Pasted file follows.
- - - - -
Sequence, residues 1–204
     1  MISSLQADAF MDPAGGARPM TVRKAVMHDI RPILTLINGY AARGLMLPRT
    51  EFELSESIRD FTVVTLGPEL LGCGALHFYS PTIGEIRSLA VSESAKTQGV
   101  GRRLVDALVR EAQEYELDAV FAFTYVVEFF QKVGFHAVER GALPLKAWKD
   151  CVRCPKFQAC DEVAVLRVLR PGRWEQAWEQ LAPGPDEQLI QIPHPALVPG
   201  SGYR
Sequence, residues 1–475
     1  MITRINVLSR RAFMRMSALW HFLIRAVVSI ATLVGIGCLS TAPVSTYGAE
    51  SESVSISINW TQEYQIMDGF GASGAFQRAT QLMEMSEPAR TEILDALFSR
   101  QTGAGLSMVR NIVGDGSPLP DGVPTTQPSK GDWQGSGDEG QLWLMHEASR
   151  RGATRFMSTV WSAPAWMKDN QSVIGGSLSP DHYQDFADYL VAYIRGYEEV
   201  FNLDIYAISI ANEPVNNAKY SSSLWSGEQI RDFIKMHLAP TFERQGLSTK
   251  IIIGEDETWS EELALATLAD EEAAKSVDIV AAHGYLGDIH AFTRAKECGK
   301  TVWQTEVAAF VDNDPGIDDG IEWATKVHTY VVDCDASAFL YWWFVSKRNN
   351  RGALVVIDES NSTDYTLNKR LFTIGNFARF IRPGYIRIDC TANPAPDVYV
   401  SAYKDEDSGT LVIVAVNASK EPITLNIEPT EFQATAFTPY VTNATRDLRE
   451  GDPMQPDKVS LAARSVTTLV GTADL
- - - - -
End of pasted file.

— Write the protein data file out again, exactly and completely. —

Sequence, residues 1–204
     1  MISSLQADAF MDPAGGARPM TVRKAVMHDI RPILTLINGY AARGLMLPRT
    51  EFELSESIRD FTVVTLGPEL LGCGALHFYS PTIGEIRSLA VSESAKTQGV
   101  GRRLVDALVR EAQEYELDAV FAFTYVVEFF QKVGFHAVER GALPLKAWKD
   151  CVRCPKFQAC DEVAVLRVLR PGRWEQAWEQ LAPGPDEQLI QIPHPALVPG
   201  SGYR
Sequence, residues 1–475
     1  MITRINVLSR RAFMRMSALW HFLIRAVVSI ATLVGIGCLS TAPVSTYGAE
    51  SESVSISINW TQEYQIMDGF GASGAFQRAT QLMEMSEPAR TEILDALFSR
   101  QTGAGLSMVR NIVGDGSPLP DGVPTTQPSK GDWQGSGDEG QLWLMHEASR
   151  RGATRFMSTV WSAPAWMKDN QSVIGGSLSP DHYQDFADYL VAYIRGYEEV
   201  FNLDIYAISI ANEPVNNAKY SSSLWSGEQI RDFIKMHLAP TFERQGLSTK
   251  IIIGEDETWS EELALATLAD EEAAKSVDIV AAHGYLGDIH AFTRAKECGK
   301  TVWQTEVAAF VDNDPGIDDG IEWATKVHTY VVDCDASAFL YWWFVSKRNN
   351  RGALVVIDES NSTDYTLNKR LFTIGNFARF IRPGYIRIDC TANPAPDVYV
   401  SAYKDEDSGT LVIVAVNASK EPITLNIEPT EFQATAFTPY VTNATRDLRE
   451  GDPMQPDKVS LAARSVTTLV GTADL